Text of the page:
I am posting about this condition as it seems recently its numbers have absolutely exploded in the general population. Scoliosis used to be a relatively uncommon condition, usually present in adults over the age of 50. Mainstream medicine has no explanation for its possible causes, but suspects inflammation is involved. The study below suggests that a deficiency specifically of DHT, known to occur in all aging adults, may be the primary cause. Conversely, administration of DHT may be able to treat/reverse it. While this study did not directly address the topic, several other studies have demonstrated that chronic exposure to glucocorticoids (whether from stress or with synthetic ones by prescription) can reliable cause this pathology, and estrogen can as well. Thus, scoliosis seems little more than another biomarker of stress/aging and as such, its alarming increase in young adults and kids is a testament to the deteriorating environment in which we live.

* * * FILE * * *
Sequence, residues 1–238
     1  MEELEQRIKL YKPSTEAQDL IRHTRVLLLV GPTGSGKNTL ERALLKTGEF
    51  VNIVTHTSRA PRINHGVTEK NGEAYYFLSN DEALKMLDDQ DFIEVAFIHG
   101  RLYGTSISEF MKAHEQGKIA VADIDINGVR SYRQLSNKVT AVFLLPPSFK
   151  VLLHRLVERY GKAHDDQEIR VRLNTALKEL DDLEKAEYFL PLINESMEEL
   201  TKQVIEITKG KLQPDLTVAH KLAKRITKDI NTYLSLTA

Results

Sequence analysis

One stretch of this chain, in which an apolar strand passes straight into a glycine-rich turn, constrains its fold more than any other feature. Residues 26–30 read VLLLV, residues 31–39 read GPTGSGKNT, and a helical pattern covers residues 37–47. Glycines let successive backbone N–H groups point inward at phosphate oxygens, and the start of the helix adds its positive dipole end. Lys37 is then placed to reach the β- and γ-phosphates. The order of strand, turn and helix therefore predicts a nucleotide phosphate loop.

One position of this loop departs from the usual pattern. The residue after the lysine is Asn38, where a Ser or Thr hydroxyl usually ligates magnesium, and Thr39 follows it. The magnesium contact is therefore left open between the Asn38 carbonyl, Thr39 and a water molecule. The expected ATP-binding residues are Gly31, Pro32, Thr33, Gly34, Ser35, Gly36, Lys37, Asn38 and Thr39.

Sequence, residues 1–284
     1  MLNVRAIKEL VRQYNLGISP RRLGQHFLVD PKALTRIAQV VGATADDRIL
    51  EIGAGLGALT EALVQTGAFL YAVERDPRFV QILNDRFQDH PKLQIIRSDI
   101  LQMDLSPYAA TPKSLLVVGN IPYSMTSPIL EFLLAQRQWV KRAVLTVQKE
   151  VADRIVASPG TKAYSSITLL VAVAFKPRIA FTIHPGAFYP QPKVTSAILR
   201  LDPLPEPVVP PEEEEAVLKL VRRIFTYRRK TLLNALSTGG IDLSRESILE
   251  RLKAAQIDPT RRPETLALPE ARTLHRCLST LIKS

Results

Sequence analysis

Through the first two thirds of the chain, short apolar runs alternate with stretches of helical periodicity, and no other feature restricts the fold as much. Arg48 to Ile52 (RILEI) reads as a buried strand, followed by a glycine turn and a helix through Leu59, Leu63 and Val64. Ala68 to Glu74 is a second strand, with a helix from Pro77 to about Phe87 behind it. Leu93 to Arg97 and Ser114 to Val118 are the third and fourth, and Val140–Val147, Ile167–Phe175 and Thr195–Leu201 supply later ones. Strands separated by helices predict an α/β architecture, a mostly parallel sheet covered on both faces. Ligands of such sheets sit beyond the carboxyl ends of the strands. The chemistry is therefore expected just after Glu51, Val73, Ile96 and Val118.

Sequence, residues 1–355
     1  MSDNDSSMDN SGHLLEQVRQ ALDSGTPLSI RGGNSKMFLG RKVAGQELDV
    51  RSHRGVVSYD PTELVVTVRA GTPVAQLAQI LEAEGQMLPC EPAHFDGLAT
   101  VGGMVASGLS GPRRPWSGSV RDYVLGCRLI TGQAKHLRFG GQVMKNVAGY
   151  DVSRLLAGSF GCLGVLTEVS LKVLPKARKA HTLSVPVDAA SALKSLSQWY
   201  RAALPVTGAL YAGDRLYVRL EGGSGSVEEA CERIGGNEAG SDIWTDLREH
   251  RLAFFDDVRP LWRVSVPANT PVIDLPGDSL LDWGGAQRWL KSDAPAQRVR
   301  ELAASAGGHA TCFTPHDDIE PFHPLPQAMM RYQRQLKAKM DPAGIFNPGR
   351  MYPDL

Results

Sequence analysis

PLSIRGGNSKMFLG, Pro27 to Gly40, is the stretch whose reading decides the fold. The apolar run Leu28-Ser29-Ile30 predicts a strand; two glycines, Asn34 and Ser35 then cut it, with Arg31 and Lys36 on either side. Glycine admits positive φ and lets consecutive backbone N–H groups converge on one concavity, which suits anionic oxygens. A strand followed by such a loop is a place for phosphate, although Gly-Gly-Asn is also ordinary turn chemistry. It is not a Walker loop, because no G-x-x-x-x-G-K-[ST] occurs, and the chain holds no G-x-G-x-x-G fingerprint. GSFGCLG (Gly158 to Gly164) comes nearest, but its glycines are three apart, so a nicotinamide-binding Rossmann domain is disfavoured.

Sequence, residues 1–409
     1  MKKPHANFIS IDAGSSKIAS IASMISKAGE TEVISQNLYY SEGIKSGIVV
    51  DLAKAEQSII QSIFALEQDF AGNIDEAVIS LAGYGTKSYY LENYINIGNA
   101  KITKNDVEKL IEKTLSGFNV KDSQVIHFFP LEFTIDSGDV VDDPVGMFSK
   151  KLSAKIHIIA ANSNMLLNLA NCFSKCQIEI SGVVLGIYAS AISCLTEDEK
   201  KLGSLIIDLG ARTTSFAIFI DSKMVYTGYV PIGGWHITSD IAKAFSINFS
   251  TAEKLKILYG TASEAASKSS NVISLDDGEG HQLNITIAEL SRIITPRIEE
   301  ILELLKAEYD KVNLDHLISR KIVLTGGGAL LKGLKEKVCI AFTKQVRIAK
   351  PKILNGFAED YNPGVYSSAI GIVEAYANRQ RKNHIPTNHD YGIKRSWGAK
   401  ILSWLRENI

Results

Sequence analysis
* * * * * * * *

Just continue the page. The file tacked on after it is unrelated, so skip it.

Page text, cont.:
“…Previous studies have confirmed that androgen can promote cortical bone formation through IL-6, which indicated that androgen plays a very important regulatory role in bone formation and growth (17). A study conducted by ElBaradie et al. demonstrated that DHT regulates growth plate chondrocytes in a sex-specific manner via rapid signaling pathways (34). In an earlier study, Raz et al. found that rat costochondral growth plate chondrocytes exhibit sex-specific and cell maturation-dependent responses to testosterone. In addition, these researchers proposed that the specific response of chondrocytes to hormones requires further metabolism of testosterone to DHT (35). Therefore, in our study, primary chondrocytes from AIS patients were treated with 5×10−7 M DHT, and the results showed that androgen played an important role in cartilage through IL-6. Specifically, DHT inhibited IL-6 expression through AR activation in chondrocytes of AIS patients. In addition, the serum androgen levels in patients with AIS were lower than those in the non-AIS group, which resulted in a weakened inhibitory function of androgen on IL-6 in patients with AIS. These results suggest that androgen might play a protective role in the development of AIS to inhibit IL-6-induced abnormal chondrocyte development. In conclusion, this study provides a new perspective for studying the pathogenesis of AIS. Our results show that androgen can reduce abnormal cartilage development in patients with AIS through AR/IL-6/STAT3 pathway inhibition (Figure 7). The data suggest that decreased androgen levels in female AIS patients might play a potential role in the occurrence of AIS.”